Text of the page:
Garlic oil agent may release compounds to protect the heart, as an agent in the oil can help in various situations including heart attack, surgery or as a treatment for heart failures, researchers say.

An agent found in processed garlic, diallyl trisulfide may be a more stable alternative to unstable and volatile compound hydrogen sulfide gas which provides heart protection by reducing inflammation and cell death.

The garlic oil study by researchers at Emory University School of Medicine is being presented today at the American Heart Association (AHA) Scientific Sessions conference.

The researchers found that doctors could use diallyl trisulfide in situations of heart attack, during cardiac surgery, or as a treatment for heart failure.

"We are now performing studies with orally active drugs that release hydrogen sulfide," says David Lefer, PhD, professor of surgery at Emory University School of Medicine. He is also the director of the Cardiothoracic Surgery Research Laboratory at Emory University Hospital.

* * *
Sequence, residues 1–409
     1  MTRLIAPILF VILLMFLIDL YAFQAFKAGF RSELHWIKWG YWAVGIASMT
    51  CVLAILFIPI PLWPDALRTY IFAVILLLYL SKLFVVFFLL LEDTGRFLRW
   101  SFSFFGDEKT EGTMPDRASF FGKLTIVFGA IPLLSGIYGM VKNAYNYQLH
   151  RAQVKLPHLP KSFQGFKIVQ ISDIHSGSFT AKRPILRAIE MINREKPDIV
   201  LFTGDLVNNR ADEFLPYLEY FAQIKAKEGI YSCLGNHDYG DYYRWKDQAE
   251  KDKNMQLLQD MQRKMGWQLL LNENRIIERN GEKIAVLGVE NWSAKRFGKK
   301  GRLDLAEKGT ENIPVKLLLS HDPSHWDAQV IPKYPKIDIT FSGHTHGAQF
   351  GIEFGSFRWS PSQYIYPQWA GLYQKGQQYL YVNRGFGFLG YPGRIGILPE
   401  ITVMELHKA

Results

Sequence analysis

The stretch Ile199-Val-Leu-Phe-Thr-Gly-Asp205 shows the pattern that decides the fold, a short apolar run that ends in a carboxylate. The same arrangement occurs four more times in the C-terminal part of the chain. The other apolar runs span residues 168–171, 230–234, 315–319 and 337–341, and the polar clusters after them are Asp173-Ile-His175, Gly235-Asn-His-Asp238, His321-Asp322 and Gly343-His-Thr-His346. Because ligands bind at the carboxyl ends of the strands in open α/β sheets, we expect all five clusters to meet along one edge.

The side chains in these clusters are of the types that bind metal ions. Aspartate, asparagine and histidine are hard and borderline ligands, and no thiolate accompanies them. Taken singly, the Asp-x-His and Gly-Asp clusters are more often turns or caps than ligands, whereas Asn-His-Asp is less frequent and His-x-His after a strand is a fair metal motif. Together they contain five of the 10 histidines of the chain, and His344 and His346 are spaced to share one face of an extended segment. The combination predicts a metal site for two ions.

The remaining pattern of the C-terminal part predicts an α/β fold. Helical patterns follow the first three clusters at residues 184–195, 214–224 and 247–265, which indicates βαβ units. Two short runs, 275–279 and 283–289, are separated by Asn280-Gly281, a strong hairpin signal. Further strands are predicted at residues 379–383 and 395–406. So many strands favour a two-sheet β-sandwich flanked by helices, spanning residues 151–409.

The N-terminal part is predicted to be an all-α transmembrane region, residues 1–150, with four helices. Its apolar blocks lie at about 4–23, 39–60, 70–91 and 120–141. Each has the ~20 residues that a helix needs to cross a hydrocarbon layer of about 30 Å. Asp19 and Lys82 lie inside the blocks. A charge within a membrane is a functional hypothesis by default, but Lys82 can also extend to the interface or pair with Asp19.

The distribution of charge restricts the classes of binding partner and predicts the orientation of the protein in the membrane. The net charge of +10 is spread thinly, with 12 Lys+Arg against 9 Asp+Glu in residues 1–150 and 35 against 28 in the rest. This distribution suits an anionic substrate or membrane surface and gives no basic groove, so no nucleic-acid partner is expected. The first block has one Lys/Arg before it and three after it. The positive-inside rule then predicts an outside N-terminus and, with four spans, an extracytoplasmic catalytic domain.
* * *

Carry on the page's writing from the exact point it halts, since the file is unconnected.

"This could avoid the need to inject sulfide-delivery drugs outside of an emergency situation, he said."

In an animal study researchers simulated a heart attack by blocking the coronary arteries of mice for 45 minutes. They also gave diallyl sulfide just before blood flow was restored. The agent reduced the proportion of damaged heart tissue in the area at risk by 61 percent, compared to untreated animals.

"We see that diallyl sulfide can temporarily turn down the function of mitochondria, preserving them and lowering the production of reactive oxygen species,” said Benjamin Predmore, postdoctoral fellow who is working with Lefer.

Additional data on diallyl trisulfide in a mouse model of heart failure is being presented by a member of Lefer's team, postdoctoral fellow Kazuhisa Kondo. Kondo has found that diallyl sulfide twice daily, given after aortic constriction, could reduce heart enlargement.